Soviet Naval Operations
Second Period (Nov 1942 - Dec 1943)
During second period of World War II, which was characterized by the passage of strategic initiative to the Soviet Armed Forces, the Naval fleet contributed to the seaside groups of ground forces in their offensive operations. The second period of the Great Patriotic War (November 1942 - end of 1943) was marked by the Soviet troops counter-offensive operation and defeat of the 330,000-strong group of Germans near Sebastopol. Resulting from the increased military production output and extension of military reserves, the USSR managed to gain both economic and military superiority over Nazi Germany.
During this period, the Navy continued to assist the land troops on the sea-coast flanks and started to take a more active part in military operations on the sea lines of communication. The river flotillas provided direct fire-support of the troops. Fleets and flotillas kept on landing operational and tactical troops, carrying out troops and equipment transportation on the sea and river routes.
The Naval fleet activated the fight with the enemy on his sea communications, ensured safety of motion on its sea communications, it continued to accomplish the tasks of daily combat activity. The assistance of red banner Baltic fleet to seaside groups of ground forces was evinced by the active participation of ship and coast artillery, and also aviation in the defense of Leningrad and in the breakthrough of its blockade. Retaining the islands of the eastern part of Gulf of Finland (Lavensari, Penisari and Seskar), the Red Banner Baltic Fleet [KBF] reliably covered approaches to Leningrad from the side of sea.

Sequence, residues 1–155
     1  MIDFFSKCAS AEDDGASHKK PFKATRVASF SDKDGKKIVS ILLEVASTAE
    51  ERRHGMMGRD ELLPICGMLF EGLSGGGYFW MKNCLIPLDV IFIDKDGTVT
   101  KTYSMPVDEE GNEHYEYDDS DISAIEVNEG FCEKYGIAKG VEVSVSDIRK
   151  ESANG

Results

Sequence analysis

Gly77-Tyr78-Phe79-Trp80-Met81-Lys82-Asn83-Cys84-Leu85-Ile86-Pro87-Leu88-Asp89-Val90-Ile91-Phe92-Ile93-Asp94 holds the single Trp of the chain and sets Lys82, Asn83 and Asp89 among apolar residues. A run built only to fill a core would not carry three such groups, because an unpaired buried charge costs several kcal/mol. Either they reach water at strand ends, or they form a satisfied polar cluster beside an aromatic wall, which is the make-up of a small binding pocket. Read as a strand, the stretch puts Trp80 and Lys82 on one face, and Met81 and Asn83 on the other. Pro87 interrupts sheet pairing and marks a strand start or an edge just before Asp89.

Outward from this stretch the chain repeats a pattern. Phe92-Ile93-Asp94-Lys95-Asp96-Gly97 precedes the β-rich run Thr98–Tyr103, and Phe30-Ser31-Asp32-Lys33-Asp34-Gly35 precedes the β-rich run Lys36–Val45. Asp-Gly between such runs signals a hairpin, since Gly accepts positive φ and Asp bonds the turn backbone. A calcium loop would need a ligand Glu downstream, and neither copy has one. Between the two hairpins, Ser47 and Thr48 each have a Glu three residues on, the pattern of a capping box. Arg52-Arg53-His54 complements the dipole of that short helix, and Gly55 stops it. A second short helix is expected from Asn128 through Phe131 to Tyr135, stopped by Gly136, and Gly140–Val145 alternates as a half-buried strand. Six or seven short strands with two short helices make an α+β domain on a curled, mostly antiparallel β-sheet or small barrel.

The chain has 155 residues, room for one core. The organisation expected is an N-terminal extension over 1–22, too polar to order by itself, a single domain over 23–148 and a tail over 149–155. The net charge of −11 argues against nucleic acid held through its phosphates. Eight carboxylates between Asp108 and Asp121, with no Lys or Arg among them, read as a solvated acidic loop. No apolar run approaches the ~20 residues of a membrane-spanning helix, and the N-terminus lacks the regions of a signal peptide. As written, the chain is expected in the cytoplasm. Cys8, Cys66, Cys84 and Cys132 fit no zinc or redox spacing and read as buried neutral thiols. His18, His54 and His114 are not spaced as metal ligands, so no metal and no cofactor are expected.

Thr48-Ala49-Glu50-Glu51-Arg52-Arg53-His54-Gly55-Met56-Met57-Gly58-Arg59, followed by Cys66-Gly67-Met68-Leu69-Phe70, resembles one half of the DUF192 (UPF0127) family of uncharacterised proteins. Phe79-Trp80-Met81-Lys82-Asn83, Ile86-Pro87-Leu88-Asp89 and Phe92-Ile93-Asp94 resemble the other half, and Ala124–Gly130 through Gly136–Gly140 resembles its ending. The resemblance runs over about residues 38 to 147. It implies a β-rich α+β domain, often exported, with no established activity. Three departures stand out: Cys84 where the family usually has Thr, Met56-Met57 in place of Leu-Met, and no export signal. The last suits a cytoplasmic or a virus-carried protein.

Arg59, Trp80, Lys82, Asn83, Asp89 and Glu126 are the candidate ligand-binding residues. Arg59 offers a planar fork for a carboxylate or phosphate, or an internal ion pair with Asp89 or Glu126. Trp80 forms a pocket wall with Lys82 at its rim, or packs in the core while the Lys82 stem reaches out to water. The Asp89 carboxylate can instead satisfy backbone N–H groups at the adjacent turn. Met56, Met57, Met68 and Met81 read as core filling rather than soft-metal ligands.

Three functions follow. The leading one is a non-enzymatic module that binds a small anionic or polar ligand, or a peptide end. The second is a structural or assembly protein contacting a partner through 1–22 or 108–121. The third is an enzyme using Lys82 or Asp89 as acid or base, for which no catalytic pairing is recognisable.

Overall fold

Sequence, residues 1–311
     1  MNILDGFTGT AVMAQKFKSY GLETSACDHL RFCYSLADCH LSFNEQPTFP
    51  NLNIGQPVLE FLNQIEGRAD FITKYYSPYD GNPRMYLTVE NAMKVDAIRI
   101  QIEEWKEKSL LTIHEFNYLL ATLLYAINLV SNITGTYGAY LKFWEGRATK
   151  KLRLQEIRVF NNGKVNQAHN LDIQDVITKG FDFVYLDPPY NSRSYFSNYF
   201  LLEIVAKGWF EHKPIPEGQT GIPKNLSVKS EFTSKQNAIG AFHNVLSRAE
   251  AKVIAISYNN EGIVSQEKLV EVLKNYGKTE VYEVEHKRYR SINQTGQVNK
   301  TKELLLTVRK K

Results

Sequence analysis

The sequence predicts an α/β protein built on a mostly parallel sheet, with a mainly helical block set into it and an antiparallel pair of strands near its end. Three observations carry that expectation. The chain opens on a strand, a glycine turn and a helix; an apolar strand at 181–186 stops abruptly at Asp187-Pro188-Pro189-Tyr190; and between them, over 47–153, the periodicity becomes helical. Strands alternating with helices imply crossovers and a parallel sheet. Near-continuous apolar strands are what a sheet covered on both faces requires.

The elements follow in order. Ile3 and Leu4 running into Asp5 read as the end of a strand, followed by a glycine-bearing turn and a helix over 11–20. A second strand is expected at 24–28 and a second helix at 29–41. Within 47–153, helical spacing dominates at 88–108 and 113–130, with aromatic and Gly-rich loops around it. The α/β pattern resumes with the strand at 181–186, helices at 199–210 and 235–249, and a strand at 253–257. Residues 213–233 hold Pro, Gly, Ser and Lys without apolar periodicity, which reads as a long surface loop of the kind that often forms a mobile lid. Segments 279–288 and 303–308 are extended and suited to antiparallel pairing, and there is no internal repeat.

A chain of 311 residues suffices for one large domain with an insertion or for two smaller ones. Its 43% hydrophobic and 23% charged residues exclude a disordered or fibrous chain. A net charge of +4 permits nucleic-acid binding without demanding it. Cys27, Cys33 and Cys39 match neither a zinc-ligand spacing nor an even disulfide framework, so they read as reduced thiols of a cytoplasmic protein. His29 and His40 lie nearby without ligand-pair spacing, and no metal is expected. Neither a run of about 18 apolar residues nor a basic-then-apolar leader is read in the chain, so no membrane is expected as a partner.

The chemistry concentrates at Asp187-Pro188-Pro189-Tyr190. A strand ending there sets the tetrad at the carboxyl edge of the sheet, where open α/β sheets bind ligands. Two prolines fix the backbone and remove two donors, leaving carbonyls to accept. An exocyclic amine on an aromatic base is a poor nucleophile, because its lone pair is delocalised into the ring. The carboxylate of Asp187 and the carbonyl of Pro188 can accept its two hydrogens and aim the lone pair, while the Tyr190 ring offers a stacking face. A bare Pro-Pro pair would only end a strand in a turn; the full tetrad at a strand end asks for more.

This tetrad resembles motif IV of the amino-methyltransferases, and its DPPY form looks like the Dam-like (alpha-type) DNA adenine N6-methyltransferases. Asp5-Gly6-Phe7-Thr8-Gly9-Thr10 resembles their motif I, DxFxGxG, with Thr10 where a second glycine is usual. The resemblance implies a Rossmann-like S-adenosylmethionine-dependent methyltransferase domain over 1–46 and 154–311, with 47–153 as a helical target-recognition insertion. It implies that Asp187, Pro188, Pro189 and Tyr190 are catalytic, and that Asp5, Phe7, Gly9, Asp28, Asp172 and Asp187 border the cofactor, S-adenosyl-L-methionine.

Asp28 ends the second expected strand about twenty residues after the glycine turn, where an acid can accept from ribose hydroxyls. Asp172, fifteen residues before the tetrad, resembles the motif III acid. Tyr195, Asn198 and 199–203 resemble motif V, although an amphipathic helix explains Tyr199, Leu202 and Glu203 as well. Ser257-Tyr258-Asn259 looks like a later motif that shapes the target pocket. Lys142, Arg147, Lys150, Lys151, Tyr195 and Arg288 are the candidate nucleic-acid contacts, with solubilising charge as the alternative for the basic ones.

At the end second period of war the Red Banner Baltic fleet carried out large troop transportation to the Oranienbaum bridgehead, where the forces, at the beginning of the third period, delivered the main attack to the seaside group of the Fascist-German troops. The Ladoga military flotilla continued to ensure troop and national-economic transportation into Leningrad on the lake communication. Aviation and PT boats of the KBF systematically acted on the communications of enemy in the eastern part of Gulf of Finland. Together with the North-Caucasian Front Black Sea fleet at the beginning of second period of war participated in the offensive operation, after landing the amphibious force in the regions of southern Ozereyki and Stanichki. Mastery of the bridgehead in Stanichki region deprived the Hitlerites of the possibility of using a Novorossisk port and created favorable conditions for the driving the enemy out from Novorossisk.
The Black Sea Fleet conducted a number of landing operations in districts of Novorossiysk, Taganrog and Mariupol. The Kerch-Eltingen landing operation resulted in Kerch beachhead capture which later allowed the Soviets to accomplish successful military operations for liberation of the Crimea. In September 1943, the forces of the North-Caucasian Front and Black Sea fleet conducted the Novorossisko-Taman operation. In interaction with the troops of the 18th Army the fleet accomplished the Novorossisk landing operation, which was completed by the release of Novorossisk.